Nate Berg is a freelance reporter and a former staff writer for CityLab. He lives in Los Angeles.
Escondido is almost half Latino, but has elected only one Hispanic city councilman in 120 years. A new lawsuit aims to change that
Residents in Escondido, California, want their local elected officials to be a little more local.
A group of voters filed a lawsuit calling on the city to divide the city into voting districts. As it stands now, city council members in Escondido are elected at-large, meaning there are no geographic restrictions for where candidates live in the city or who can vote for them. The plaintiffs in the lawsuit allege that this system of voting has disproportionally underrepresented the city’s Latin American population.
Nearly 49 percent of the city’s 143,900 residents are Hispanic or Latino, according to the 2010 Census. But as this article from the San Diego Union-Tribune notes, only one “openly Latino” council member has been elected in the city’s more than 120-year history. No member of the council lives in the city’s central, largely Latino core.
The lawsuit [PDF] is being pushed by five locals and the State Building and Construction Trades Council of California, and it alleges that the city is in violation of both the Federal Voting Rights Act of 1965 and the California Voting Rights Act of 2001. The suit notes that "the City Council elected through Escondido’s existing at-large system has aggressively pursued policies that have divided the community along racial and ethnic lines and given Escondido a national reputation as vigorously anti-Latino."
The city of Escondido has been somewhat more aggressive than its neighbors in addressing immigration issues. According to this article from the North County Times, Escondido has passed or proposed a number of policies focusing on illegal immigrants. The city has also worked closely with the U.S. Immigration and Customs Enforcement to "detect and arrest illegal immigrants." A 2006 ordinance proposed by the city would have punished landlords who rented to illegal immigrants, but push back and criticism from civil rights leaders eventually caused the city to abandon the plan.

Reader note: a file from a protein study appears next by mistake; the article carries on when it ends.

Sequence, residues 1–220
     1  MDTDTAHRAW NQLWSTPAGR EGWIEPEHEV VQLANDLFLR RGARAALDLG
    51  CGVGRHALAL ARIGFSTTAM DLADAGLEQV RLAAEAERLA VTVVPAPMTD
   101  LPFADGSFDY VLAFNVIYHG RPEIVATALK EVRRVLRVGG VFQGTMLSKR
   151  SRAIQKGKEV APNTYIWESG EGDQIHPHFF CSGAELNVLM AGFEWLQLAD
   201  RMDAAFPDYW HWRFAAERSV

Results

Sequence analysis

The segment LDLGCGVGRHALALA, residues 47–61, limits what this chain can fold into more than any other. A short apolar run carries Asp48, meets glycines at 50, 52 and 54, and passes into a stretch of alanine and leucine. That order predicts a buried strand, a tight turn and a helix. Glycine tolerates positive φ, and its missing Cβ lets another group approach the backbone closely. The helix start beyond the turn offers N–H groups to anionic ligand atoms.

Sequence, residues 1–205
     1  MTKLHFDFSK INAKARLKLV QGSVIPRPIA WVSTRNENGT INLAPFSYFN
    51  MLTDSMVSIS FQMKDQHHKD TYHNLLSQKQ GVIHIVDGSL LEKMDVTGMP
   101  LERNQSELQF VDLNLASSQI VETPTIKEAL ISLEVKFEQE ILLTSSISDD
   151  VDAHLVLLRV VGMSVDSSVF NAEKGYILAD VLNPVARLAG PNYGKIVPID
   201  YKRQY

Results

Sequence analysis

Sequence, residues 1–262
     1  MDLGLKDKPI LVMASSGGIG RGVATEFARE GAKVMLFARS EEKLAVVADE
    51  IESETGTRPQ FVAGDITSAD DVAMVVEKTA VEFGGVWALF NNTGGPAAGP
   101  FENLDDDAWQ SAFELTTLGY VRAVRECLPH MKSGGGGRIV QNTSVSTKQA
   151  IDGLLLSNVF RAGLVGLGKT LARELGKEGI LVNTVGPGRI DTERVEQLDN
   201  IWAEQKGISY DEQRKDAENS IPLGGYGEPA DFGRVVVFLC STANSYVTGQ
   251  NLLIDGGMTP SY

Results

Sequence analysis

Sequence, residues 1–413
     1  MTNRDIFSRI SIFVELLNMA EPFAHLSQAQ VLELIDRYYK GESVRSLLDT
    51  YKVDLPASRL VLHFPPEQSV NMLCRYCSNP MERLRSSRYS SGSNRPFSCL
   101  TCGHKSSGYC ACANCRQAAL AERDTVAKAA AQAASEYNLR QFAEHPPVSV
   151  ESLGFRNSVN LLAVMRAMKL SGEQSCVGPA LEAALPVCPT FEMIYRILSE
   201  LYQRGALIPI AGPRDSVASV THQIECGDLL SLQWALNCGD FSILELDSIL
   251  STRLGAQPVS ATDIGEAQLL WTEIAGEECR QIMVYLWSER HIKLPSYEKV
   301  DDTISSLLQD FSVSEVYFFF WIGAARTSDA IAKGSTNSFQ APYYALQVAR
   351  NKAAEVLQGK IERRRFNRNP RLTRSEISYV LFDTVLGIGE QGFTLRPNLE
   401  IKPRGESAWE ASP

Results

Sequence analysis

The lawsuit argues that the issue of illegal immigration has skewed the city’s elected officials away from serving the needs of its Latino population. It notes that the number of hate crimes against Latinos doubled in Escondido between 2009 and 2010. The lawsuit also suggests that the city’s leadership has a prejudice against the city’s Latino population. As part of the campaign leading up to his election in 2010, Mayor Sam Abed issued a campaign flyer that, according to the lawsuit, depicted a group of Latinos trying to cross a highway with the tagline 'There is only one candidate we can trust to uphold the rule of law in Escondido.'
Abed has come out forcefully against the lawsuit, according to the San Diego Union-Tribune.
"It’s not going to happen," Mayor Sam Abed said late last week about the demand to switch to geographic district elections. "I am happy to spend whatever it takes — $3 million, $5 million — to keep this city united."
But despite his wishful thinking, the city may still have to pay. Settlement of another voting rights case in Modesto, California, in 2008 cost the city $3 million. Irving, Texas, opted to settle a case in 2010 and change its voting system rather than spending upwards of $600,000 to appeal the decision.
It’s a decision many other cities have had to make in recent years. A similar lawsuit was filed earlier this year in the southern California city of Whittier, and the possibility of adding at-large council members to the ballot in Tulsa had many in the city worried about civil rights lawsuits. Underrepresented minority populations have also been an issue for school districts, most of which in California had used at-large voting. But the passage of the state’s Voting Rights Act has urged some to change in order to avoid lawsuits, and in the process cost state taxpayers millions in legal fees.
Though Escondido’s mayor has pledged to pay the price to fight the voting change, the plaintiffs – including the relatively deep pockets of State Building and Construction Trades Council of California – are willing to fight as well. They’re hoping to have the city’s voting rules changed in time for the 2012 elections cycle.
Photo credit: John Gress/Reuters